Listening, absorbing and attaching yourself to a dead teenager's music is not something you intend to do everyday and if we're honest, it's extremely disconcerting and almost uncomfortable at points. Songs will fade or jutter into spates of white noise or stop entirely for a brief moment, picking back up on a completely different melody. Rewound mumbles and home recordings of shuffling around play in the midst of provoking musicality and it not only splices the listening experience but creates a uniquely unsettling atmosphere that weighs heavy on the listener. ...full text
A Society in Which No Tear Is Shed Is Inconceivably Mediocre
(Luaka Bop, 2009)
You know the sort of album that, after you’re done listening to it, be it the first time or the 20th, it leaves you with a peaceful, yet strangely unsettled feeling? Well, A Society in Which No Tear Is Shed Is Inconceivably Mediocre by Brazilian musician Yonlu is exactly that sort of album. The sum arguably greater than its parts—ingest in one sitting for the highest impact—it induces an all-over sense of intrigue and enigma. And the fact that there is a back-story surrounding this artist lends credence to this cryptic notion, yet the album without a doubt stands on its own as well. For the sake of really understanding what a valuable, expressive piece of art this is, allow me to tell you what I know about Yonlu.
An isolated and socially inept teenager living in Porto Alegre in Southwestern Brazil, Yonlu took his own life in 2006 at the age of 16. The only son of highly educated and influential parents, Yonlu (née Vinicius Gageiro Marques) was a brilliant, outwardly seeking individual… but only within the safe confines of his room. What he lacked in gratifying interpersonal relationships he made up for with musical aptitude and a computer savvy that garnered him fans of his creations around the world. Alone and hunkering down with his instruments, at his disposal the sorts of sound pastiches that are available by way of our global internet communications, Yonlu crafted a vast collection of songs that are highly original and strikingly beautiful. After his ill-timed death, an enormous cache of music was found on his hard drive, serving to commemorate and celebrate this unique voice and talent.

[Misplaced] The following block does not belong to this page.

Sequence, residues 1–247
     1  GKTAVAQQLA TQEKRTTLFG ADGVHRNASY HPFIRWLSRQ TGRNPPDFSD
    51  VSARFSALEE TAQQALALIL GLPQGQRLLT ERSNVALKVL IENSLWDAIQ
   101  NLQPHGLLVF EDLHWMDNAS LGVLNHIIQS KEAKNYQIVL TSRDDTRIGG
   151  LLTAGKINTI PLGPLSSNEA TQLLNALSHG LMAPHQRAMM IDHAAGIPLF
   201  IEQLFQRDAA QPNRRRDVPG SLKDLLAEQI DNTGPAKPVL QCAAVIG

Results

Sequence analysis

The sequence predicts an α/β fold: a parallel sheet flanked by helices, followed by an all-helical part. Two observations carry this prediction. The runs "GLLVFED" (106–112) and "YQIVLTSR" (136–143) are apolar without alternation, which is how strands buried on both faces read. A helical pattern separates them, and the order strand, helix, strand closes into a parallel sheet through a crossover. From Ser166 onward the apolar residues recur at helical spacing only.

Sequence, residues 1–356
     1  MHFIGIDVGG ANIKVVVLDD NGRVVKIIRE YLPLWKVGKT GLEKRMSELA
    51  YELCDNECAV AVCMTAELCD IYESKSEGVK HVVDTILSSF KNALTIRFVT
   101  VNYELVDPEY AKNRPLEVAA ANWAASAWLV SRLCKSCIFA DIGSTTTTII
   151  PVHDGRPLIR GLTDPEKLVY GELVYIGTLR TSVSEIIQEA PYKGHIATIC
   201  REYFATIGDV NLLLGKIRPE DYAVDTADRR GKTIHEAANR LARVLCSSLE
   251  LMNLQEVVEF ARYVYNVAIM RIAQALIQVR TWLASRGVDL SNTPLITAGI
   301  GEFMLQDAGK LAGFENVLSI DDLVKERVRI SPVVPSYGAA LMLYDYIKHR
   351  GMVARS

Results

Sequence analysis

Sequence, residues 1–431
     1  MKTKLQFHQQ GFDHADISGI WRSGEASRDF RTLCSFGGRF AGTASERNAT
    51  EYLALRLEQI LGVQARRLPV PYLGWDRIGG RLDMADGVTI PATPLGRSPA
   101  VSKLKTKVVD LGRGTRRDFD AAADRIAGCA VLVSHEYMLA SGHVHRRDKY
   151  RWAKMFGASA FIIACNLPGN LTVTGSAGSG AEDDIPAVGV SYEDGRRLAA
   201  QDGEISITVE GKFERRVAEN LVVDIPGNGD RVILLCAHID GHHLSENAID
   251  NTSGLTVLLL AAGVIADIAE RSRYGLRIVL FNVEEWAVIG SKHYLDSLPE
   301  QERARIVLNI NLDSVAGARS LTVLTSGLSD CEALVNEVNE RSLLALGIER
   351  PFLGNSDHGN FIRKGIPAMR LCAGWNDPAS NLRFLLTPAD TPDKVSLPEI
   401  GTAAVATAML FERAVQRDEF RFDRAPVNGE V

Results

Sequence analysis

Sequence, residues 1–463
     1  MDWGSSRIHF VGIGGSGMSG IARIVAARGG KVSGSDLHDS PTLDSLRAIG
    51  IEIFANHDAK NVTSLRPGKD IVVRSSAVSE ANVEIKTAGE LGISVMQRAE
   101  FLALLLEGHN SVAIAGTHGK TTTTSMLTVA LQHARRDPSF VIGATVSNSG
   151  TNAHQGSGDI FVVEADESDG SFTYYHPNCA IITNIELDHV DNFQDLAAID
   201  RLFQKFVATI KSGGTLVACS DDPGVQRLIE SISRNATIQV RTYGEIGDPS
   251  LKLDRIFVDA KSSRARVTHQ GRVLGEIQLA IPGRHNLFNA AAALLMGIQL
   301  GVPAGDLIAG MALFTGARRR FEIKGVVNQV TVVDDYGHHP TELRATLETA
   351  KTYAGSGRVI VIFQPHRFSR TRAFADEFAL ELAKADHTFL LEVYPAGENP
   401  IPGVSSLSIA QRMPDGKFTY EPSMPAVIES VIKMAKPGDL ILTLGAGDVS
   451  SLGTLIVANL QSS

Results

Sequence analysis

With hushed folky melodies reminiscent of Nick Drake and Elliott Smith, it’s Yonlu’s exceptionally creative approach to building and crafting original compositions that make his musical story all the more intriguing. Approachable melodic gems (“I Know What It’s Like”, “Little Kids”, “Katie Don’t Be Depressed”) contrast with stranger, more eerie songs (the exquisite “The Boy and the Tiger”, “Polyalphabetic Cipher”, “Waterfall”). Some of the tracks—“Humiliation” and “Suicide”—are devastating peeks into the troubled mind of this young artist, while others serve as startling mash-ups, testaments to our age of intercontinental access. Highlights abound. This is music that pulls on the heartstrings, tickles the ears, heightens the senses, and challenges conceptions. I really mean that....full text
Yonlu Album Reviews
Sweetslyrics Top 20 Artists
- 1. Suicide Song
Do you love myspace